9

I've been watching Claymore. I haven't read the manga yet.

Number 8, Flora:

She's the fastest there is at unsheathing, slashing, and sheathing back her claymore.

enter image description here

As you can see, she unsheathes, slashes, and sheathes back so fast that the image of her hand seems to be static, whereas a bunch of slashes appear around the target.

But wait.

What is the point of sheathing her claymore back while attacking someone? Isn't that a waste of time? Wouldn't it be more useful to unsheathe and then slash countless times rather than sheathing back her claymore during a fight?

Proof that she's indeed sheathing after X amount of slashes:

This scene below lasts for several seconds. This means that she must continuously sheathe her claymore, otherwise this image effect wouldn't be possible: enter image description here

  • would not call it counterproductive, also can you provide any reference she really sheathes her sword after each slash? because she could also unsheathe, slash, slash, [...], sheathe (and as far as i understood it is that way) – Vogel612 Jun 27 '13 at 8:10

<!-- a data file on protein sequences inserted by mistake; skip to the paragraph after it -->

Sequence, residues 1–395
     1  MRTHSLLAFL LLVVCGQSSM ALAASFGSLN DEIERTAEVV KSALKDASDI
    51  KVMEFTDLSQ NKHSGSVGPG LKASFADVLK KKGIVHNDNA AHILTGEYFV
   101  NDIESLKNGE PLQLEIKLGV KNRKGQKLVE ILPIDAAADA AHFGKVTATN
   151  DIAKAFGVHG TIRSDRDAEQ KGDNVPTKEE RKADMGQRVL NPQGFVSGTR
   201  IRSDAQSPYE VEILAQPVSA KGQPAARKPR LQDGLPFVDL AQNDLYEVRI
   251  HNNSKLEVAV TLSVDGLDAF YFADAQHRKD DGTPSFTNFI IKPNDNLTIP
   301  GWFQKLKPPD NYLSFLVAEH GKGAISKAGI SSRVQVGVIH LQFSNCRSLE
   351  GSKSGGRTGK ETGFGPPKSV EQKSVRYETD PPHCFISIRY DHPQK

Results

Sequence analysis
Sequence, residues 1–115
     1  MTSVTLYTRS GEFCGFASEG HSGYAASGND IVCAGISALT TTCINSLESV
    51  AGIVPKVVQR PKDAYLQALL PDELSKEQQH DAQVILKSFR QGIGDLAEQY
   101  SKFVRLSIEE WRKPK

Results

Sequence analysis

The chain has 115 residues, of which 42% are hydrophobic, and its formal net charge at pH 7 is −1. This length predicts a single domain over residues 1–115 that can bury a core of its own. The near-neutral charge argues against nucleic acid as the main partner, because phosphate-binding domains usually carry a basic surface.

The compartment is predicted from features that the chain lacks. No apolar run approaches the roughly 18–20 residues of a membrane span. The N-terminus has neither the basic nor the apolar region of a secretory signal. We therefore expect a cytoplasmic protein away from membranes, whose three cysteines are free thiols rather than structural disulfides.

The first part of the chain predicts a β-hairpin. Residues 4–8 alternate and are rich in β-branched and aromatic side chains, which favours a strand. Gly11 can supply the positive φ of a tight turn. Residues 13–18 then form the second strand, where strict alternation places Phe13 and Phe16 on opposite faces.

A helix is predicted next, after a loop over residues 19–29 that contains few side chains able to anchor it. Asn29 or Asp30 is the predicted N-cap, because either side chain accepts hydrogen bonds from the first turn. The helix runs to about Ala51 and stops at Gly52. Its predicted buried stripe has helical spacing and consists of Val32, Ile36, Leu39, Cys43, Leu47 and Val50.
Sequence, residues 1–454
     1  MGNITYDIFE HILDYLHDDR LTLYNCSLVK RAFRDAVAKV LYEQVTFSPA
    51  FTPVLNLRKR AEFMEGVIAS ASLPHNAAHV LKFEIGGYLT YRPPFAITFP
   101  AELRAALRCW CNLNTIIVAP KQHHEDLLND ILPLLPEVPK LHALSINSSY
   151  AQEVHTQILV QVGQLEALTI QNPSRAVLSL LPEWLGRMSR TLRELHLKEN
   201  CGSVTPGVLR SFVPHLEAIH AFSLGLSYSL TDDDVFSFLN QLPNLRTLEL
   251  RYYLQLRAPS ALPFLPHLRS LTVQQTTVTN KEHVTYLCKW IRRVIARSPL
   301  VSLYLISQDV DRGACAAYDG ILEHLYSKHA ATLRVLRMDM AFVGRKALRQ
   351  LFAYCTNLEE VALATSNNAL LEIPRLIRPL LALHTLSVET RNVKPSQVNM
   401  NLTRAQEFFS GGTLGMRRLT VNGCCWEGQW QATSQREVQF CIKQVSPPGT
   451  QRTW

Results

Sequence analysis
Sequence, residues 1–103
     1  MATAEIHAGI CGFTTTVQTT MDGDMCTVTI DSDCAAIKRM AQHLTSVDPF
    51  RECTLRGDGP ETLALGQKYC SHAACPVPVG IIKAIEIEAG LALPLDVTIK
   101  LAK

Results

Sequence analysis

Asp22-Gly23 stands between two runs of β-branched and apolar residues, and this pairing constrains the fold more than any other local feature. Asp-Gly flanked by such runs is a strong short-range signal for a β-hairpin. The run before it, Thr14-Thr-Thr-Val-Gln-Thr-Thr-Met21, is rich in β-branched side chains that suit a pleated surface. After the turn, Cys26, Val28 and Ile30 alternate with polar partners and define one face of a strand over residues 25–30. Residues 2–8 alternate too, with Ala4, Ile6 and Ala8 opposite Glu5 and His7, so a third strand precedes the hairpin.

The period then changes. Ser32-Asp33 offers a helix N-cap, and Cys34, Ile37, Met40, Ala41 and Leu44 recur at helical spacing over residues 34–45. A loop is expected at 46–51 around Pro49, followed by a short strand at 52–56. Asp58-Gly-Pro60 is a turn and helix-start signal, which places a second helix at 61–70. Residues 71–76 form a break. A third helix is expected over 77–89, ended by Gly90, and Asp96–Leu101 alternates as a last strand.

• @Vogel612: There, I've found a reference, and also modified the title. – Omega Jun 27 '13 at 8:47
9

There's actually a fencing style based entirely on the drawing of the sword called Iaijutsu. For a reference, the Ukyo Tachibana character from the game, "Samurai Shodown" uses this technique, drawing the sword as a form of attack and re-sheathing the blade all in one move. There is also Iaido, "a modern Japanese martial art associated with the smooth, controlled movements of drawing the sword from its scabbard or saya, striking or cutting an opponent, removing blood from the blade, and then replacing the sword in the scabbard." Though in practice, the Iaido isn't a super fast movement. But again, the emphasis is on the sheathed sword being a starting point, so in order to perform another move, the sword has to be re-sheathed.

The Iaijutsu article mentions that there is two postures for executing the technique, the standing position or the kneeling position, but both involve the sword being sheathed and using the drawing of the sword as a strike. Obviously, there's no real world instance of someone doing this as fast as Flora, but the technique is that the starting point of the strike is from a sheathed sword.

Other well known users of this technique (though not necessarily the only technique that is used):

  • Do you know if in the manga they talk about Flora's fencing style? – Omega Jun 27 '13 at 20:40
  • @Omega they talk about it as the "Windcutter" and go into a bit of detail about how it works, but I don't recall ever explaining why such a technique was used. There's definitely no mention of "Iaijutsu" or anything like that in the manga as far as I recall. – Jon Lin Jun 28 '13 at 2:00

Your Answer

By clicking “Post Your Answer”, you agree to our terms of service, privacy policy and cookie policy

Not the answer you're looking for? Browse other questions tagged or ask your own question.